For being the first day of the season for Temple Farmers Market, it was pretty good.
There was a variety in what was being offered for sale.
D3 Farms and Star Farms, 693 E. Highway 79 in Rockdale, sold out of plums early on, but still had tables filled with produce, another devoted to canned items including pickled items, jellies and jams and a table at the end was covered in just picked corn.
James and Tonya Dinnerson raise produce on two farms in Rockdale and Milano that are both open to the public for those who want to pick their own produce.
“We’ll have peaches, blackberries, figs, pears and more plums coming soon,” Tonya Dinnerson said.
James Dinnerson’s great-grandfather and great-uncle were commercial farmers, but James initially took a different route, career wise. He served in the Army and worked for the state.
“My daughter brought home some tomato plants which we pretty much let die,” James Dinnerson said. “I wanted to see if I could bring them back and I did.”
Dinnerson then developed a garden at the side of his house.
“We went from a 25-sqaure foot garden to 34 acres on one farm and 16 acres on the other,” he said.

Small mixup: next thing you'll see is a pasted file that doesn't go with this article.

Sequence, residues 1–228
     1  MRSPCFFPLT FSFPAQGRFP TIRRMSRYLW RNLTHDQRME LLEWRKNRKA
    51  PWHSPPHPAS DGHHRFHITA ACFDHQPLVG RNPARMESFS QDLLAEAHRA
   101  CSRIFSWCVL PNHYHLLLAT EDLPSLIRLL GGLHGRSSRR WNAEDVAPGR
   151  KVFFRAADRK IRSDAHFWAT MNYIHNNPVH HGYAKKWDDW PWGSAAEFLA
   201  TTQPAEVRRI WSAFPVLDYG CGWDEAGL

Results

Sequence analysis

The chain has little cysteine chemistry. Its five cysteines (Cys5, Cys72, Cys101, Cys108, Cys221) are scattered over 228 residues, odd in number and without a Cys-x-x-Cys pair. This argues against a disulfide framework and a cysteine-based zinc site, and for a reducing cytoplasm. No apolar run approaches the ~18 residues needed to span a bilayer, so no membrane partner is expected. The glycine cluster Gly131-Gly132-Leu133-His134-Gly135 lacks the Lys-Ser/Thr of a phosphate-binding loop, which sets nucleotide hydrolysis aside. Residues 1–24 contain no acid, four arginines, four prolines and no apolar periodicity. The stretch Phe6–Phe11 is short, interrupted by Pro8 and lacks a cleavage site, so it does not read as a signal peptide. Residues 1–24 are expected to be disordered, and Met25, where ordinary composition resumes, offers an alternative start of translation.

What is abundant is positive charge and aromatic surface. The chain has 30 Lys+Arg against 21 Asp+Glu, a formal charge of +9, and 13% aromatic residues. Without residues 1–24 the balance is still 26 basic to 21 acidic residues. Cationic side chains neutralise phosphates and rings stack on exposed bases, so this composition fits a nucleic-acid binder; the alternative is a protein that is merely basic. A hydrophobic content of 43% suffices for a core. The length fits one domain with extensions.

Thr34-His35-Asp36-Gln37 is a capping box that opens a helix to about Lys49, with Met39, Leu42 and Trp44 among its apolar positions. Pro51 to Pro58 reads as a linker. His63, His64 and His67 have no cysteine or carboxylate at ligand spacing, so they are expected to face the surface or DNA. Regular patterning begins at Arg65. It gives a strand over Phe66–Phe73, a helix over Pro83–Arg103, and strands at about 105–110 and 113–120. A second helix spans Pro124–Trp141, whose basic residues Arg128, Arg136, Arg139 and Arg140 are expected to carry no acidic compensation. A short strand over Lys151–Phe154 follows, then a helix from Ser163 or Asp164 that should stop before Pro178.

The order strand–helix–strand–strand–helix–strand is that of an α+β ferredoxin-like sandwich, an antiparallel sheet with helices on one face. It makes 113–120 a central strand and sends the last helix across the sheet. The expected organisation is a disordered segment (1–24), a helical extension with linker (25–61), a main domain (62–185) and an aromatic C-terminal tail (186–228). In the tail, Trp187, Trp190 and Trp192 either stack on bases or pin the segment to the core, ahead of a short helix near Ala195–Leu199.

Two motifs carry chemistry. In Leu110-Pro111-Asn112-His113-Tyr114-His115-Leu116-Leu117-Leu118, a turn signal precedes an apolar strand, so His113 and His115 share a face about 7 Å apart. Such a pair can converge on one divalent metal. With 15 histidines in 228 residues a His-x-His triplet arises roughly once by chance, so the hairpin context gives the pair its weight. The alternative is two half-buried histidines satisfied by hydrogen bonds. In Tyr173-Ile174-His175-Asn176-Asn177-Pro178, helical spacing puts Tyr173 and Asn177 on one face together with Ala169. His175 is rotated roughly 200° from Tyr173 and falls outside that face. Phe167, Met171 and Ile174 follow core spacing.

Tonya Dinnerson said she loves the process.
“I like talking to people and I learn something new every day,” she said.
Peggy Chubb and Bobby Lawrence were back at the market, they grow produce in their plot at Temple Community Garden.
They planted turnips, collards and cool season greens in the winter and in the spring they started with potatoes and onions.
Larry Jez has participated in the farmers market for about eight years. He farms about three miles east of Temple.
On Tuesday, Jez had his honey for sale, along with some produce.
A beekeeper for more than 25 years, Jez currently has 12 hives.
Jez said he was concerned about the hives during the cold snaps this winter.
“They’re amazing,” he said of the bees. “They really know how to take care of themselves.”
Pat Jones of Dog Ridge Herbs had a selection of herbs for sale, including oregano, parsley, dill and more.
Jones is at the Temple market on Tuesday and in Belton on Saturdays and said this year is likely going to be her last season selling at the farmers markets and will instead be selling from her home.
Daniel and Monica Lara of D&M Gardens in Heidenheimer are growing a little bit of everything.
They had peaches for sale that they got from a friend who has about 800 peach trees in Holland. In addition to the Temple market, the Laras split up the duties and sell in Belton and Killeen as well.
“We pulled up about 1,500 onions yesterday,” Daniel Lara said. “We’ve got plenty of potatoes.”
The Laras sell a golden zucchini that is very popular.
“It cooks faster and has more flavor than the green,” Monica Lara said.
The Temple market will open at 7 a.m. on Thursday at the same location. The Belton Farmers Market is open Saturdays at the corner of Central Avenue and Penelope Street.